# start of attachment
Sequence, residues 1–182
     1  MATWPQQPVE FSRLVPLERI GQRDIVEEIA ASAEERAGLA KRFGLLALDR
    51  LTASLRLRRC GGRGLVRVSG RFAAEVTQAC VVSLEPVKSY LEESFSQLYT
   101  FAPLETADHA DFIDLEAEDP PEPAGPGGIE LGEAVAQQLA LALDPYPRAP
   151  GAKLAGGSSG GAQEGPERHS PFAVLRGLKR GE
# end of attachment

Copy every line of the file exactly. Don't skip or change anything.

Sequence, residues 1–182
     1  MATWPQQPVE FSRLVPLERI GQRDIVEEIA ASAEERAGLA KRFGLLALDR
    51  LTASLRLRRC GGRGLVRVSG RFAAEVTQAC VVSLEPVKSY LEESFSQLYT
   101  FAPLETADHA DFIDLEAEDP PEPAGPGGIE LGEAVAQQLA LALDPYPRAP
   151  GAKLAGGSSG GAQEGPERHS PFAVLRGLKR GE